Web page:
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How did the crypto crackdown in China affect the Crypto landscape in Asia?

photo 2022 02 25+00.03.25


The government of China has taken a harsh line against the creation and usage of digital currencies. Even after living in a blockchain technology, the value of Bitcoin, which is world’s biggest cryptocurrency by far, has been halved because of Chinese authorities cracking down on the manufacture and usage of cryptocurrencies. Over 90% of worldwide capacity has been impacted by Chinese provinces banning cryptocurrency ‘mining’ which is the process of the generation of new coins of Bitcoin via complicated computer computations. Power and influence, economic security, and preservation of natural resources are all driving forces behind a long-term attack on cryptocurrencies. Some corporations will discover methods to get around such limits when they are implemented, but once the policy direction is established, regulators will act faster to catch up. China is unlikely to reclaim the top spot in the worldwide Bitcoin network any time soon.

The crackdown

The National Internet Finance Association of China, the Payment and Clearing Association of China and the China Banking Association issued a statement in May prohibiting banks and firms that handle the matter of transactions from engaging in commercial activities which are linked to the crypto industry such as trading, registration, settlement and clearing. These arguments repeat a 2017 notification, but they go further by specifically prohibiting the adoption or application of digital currencies in transactions and settlements, as well as the creation of currency conversion services. To explain these actions, they mostly highlight financial dangers and concerns related to cryptocurrencies, arguing that virtual currencies have “no genuine support value” which also means those are a liquid investment with no fundamental worth) and are extremely manipulable.

Financial institutions are bound by the rules, but consumers are not; it does not ban people from owning cryptocurrencies. However, China’s most popular search engine began censoring a number of search for phrases used in the crypto world in June without warning. Around the same time, the Ministry of Public Security claimed that it had detained over 1,100 people from over 170 criminal organisations suspected of laundering Bitcoin funds.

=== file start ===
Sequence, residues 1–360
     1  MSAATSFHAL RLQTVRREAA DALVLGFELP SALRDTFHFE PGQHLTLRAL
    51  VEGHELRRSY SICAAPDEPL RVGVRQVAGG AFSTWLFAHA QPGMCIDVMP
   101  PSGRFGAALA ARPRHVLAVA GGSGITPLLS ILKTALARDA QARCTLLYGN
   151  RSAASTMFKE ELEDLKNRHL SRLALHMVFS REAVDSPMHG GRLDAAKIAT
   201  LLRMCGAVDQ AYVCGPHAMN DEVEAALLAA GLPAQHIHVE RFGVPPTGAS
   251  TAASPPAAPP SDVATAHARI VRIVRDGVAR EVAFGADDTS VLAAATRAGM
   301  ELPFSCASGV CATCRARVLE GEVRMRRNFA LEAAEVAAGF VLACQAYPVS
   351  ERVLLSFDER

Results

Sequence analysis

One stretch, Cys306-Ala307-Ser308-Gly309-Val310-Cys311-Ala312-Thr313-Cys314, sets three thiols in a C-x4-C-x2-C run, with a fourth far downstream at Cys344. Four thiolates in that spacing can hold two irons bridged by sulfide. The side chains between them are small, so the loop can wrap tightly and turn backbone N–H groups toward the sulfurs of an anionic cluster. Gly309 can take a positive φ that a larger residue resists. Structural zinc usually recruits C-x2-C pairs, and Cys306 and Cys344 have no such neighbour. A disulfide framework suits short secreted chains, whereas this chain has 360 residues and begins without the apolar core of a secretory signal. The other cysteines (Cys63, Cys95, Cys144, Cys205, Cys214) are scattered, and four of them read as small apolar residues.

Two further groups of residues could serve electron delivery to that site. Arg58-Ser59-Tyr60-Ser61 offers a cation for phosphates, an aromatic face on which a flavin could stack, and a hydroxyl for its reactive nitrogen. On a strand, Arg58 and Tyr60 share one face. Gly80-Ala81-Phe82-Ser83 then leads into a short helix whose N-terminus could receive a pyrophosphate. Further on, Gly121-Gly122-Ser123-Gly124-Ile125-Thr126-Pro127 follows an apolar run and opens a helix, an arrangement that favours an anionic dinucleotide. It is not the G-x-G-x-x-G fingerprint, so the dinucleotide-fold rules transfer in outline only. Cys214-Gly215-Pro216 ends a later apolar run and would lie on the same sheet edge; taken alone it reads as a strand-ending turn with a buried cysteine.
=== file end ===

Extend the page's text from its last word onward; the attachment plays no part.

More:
Inner Mongolia, Xinjiang, Sinchuan, and Yunnan, China’s top Bitcoin-mining areas, adopted steps to restrict mining in the same month, shutting off miners’ electrical sources and forcing them to abolish. 90 percent of the country’s capacity was impacted. Bans were imposed by the ministries of Gansu, Henan and Anhui this month.

Indirect consequences

Some of the consequences are listed down below.

  1. The global scarcity of semiconductors might be alleviated if interest on Bitcoin mining hardware falls.
  2. Depending on the energy mix of the nation, moving Bitcoin mining to another country will either reduce or raise Bitcoin’s environmental footprint.
  3. China’s government will strengthen its own blockchain network and cryptocurrency programmes while tightening restrictions on private virtual currency activities.

Causes for the crackdown

The crackdown is most likely motivated by political, economical, and environmental factors all at the same time.

Stability of finances – The crackdown on cryptocurrencies is a part of a larger campaign to combat financial system instability and misuse. For Chinese officials, the potential of a financial disaster is a constant worry.

Factors affecting politics – For years, the Chinese authorities has advised virtual currency investors to trade their digital assets in order to combat corruption and enhance Party discipline. China is creating its own Central Bank Digital Currency, which is similar to cryptocurrencies in terms of technology but is supported by China’s monetary authority and can be monitored and regulated by the government, unlike cryptocurrencies.

Protection of the environment – Bitcoin mining consumes a lot of electricity. According to reports, the Bitcoin system currently consumes more power than Argentina as a whole, with China accounting for approximately two-thirds of all Bitcoin mining.This is in direct opposition to one of Beijing’s top priorities: the social sustainability of its economy.Bitcoin miners may be lucrative as enterprises as far as Bitcoin rates stay high, but in terms of the amount of electricity they utilize and the impact on the environment they leave in this bitcoin era, they contribute nothing to Beijing’s larger economic goals. They are neither large employers nor a significant ‘future industry’ that Beijing wishes to grow. The present onslaught on Bitcoin appears to be the start of the advanced ordinary. During May, the Financial Stability and Development Committee of the State Council stated that it will continue to prosecute coin mining and trade. A full ban on cryptocurrency ownership and trading may not be out of question, although it is a far-fetched possibility. Even if you do not go that far, keeping it will seem less appealing.


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